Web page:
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Matthew Hedger
06/26/2014 11:15 AM

By Matthew Hedger

mhedger@ledger-dispatch.com

The 2013-14 Grand Jury says Amador County officials must not have done the math when they agreed to the lease agreement for the Health and Human Services Building, in Sutter Creek.

In their report released this week, the G.J. said the $1.4 million annual cost of the lease to the county caused them to research the situation, where they “found flaws with literally every aspect of the lease negotiation process.”

From the report: “Over the course of the investigation, the Grand Jury discovered there are no written policies and procedures in place to direct staff in acquiring property either by lease or by purchase. Additionally, the team that the BOS assembled to negotiate the lease was not experienced in space needs or building designs. Staff, as well as BOS members, apparently never personally read or analyzed the lease documents. Simple math would have identified the excessive costs associated with the lease.

“In the original lease, the County agreed to pay $2.43 per square foot which was significantly higher than the next highest commercial lease in the county at $1.70 per square foot, and approximately twice the going rate for commercial lease space. There was no apparent reason to renegotiate the lease in 2008.

“In short, the County went from a bad lease to a horrible one.

“The lease rate —$2.43 per square foot — stayed the same. An out-clause allows the County, under certain circumstances, to terminate the lease. But the county-out-clause was removed and the lease extended by 5 years. “Clearly, neither the BOS nor County Administration did the math, because the effect of removing the out-clause and extending the lease added $7,144,200 to the total cost of the lease. This conclusion was corroborated by all county officials and current and former county employees interviewed. The 2008 lease is a legal and binding document with no provisions for renegotiation or termination.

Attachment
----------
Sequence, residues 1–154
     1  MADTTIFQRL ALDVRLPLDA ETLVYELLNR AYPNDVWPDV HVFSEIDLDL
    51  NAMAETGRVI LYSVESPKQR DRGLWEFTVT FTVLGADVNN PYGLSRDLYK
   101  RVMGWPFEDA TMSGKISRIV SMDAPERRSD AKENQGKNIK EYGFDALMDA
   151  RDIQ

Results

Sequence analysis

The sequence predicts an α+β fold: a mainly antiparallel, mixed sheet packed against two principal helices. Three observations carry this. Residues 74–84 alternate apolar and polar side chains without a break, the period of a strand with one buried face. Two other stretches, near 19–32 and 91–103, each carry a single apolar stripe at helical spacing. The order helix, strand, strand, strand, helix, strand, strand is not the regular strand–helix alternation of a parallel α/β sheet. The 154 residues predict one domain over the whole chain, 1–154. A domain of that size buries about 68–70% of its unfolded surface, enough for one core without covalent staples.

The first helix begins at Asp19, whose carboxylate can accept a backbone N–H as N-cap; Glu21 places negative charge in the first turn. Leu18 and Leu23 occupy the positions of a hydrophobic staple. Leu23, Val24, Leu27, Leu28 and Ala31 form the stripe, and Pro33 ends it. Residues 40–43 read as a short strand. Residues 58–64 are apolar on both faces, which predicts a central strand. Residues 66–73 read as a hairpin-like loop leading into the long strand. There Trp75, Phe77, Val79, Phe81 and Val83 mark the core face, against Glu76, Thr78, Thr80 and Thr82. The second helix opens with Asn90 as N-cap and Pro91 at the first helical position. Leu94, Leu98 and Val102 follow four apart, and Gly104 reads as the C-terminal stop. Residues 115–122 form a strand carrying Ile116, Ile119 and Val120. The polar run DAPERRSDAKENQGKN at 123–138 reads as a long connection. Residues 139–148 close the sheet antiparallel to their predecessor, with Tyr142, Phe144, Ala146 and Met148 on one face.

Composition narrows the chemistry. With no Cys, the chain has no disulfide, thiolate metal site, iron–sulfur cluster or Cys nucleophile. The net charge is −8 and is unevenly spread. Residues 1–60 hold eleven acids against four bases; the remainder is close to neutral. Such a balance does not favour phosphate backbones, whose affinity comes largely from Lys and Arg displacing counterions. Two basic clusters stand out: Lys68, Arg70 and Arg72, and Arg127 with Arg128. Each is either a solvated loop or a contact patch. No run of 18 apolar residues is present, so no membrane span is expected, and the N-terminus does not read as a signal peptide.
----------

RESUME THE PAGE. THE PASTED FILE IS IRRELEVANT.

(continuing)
“The County received $400,000 cash from the building owner in exchange for these concessions. The purpose of the $400,000 was never clearly identified but was apparently a fix for a significant shortfall in the HHS budgets. It is interesting to note that the person requesting the space also became the lead negotiator for the HHS lease and project manager for the building design.

“Assuming $7.14 million in future indebtedness for $400,000 cash in hand is a very bad deal. This report will detail the negotiations of both leases identifying what the County gained and what it lost at each step. The report will also identify how staff work was conducted and how members of the BOS used or misused the information provided by staff.”

No names were released in the Grand Jury report, and accompanying lease documents have signatures and other identifying markers and addresses redacted.

School Board violated Brown Act

In a scathing report, the Amador County Grand Jury has found that at least one school board trustee violated enough bylaws that the remainder of the board held secret meetings and violated the Brown Act in an effort to censure the violator.

The Grand Jury declined to name the person in their report.

The allegations made by the G.J. include: “An elected trustee actually injected himself or herself into a District staff work situation that impeded the District staff from performing job duties without distraction or interference when staff needed to focus on the safety of the students,” and “An elected trustee actively opposed and blocked a Board investigation into the miscon

duct discussed at a Board meeting in June 2013 …”

Grand Jurors who conducted interviews with trustees reported they found “several areas of Brown Act violations,” which included meetings held by a majority of the Board to discuss and determine action to be taken regarding trustee censures, and a conference attended by a majority of the Board, “where discussions were held with legal presenters regarding censure of trustees.”

The Grand Jury said it found no written record of the meetings being publicly noticed or agendized — violations of the Ralph M. Brown Act, which calls for public agencies to conduct and deliberate their business in an open forum before the public.

Until 2010, the Amador County Unified School District board was comprised of seven trustees elected by county voters. In Dec. 2010, only five of the trustees were attending meetings, and in Jan. 2011, the board began the public hearing process to discuss reorganization and perhaps reduce the number of trustees. The Grand Jury said it found no public comment was offered at that time.

In Feb. 2012, legal counsel helped ACUSD to reform trustee representation to conform with Amador County’s five supervisorial districts, to become effective with the 2014 elections.

During their investigation, the G.J. said it also found that although the board is governed by an “extensive” list of bylaws, newly elected trustee training is “inconsistent,” and some of the bylaws themselves are vague.

“While the bylaws regarding standards and ethical conduct are clear, the consequences of violating the standards are not.”

A link to the entire 187-page 2013-14 Grand Jury Report is online, at ledger-dispatch.com.

Copyright © 2014 Amador Ledger Dispatch
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